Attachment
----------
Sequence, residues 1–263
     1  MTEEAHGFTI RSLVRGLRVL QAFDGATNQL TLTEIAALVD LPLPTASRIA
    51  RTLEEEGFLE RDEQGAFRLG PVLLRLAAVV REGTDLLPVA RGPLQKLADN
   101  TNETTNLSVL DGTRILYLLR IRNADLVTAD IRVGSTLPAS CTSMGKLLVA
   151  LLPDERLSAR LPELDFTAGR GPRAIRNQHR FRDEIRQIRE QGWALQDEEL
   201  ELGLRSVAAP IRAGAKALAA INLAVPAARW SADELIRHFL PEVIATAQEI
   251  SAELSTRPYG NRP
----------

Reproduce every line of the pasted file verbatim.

Sequence, residues 1–263
     1  MTEEAHGFTI RSLVRGLRVL QAFDGATNQL TLTEIAALVD LPLPTASRIA
    51  RTLEEEGFLE RDEQGAFRLG PVLLRLAAVV REGTDLLPVA RGPLQKLADN
   101  TNETTNLSVL DGTRILYLLR IRNADLVTAD IRVGSTLPAS CTSMGKLLVA
   151  LLPDERLSAR LPELDFTAGR GPRAIRNQHR FRDEIRQIRE QGWALQDEEL
   201  ELGLRSVAAP IRAGAKALAA INLAVPAARW SADELIRHFL PEVIATAQEI
   251  SAELSTRPYG NRP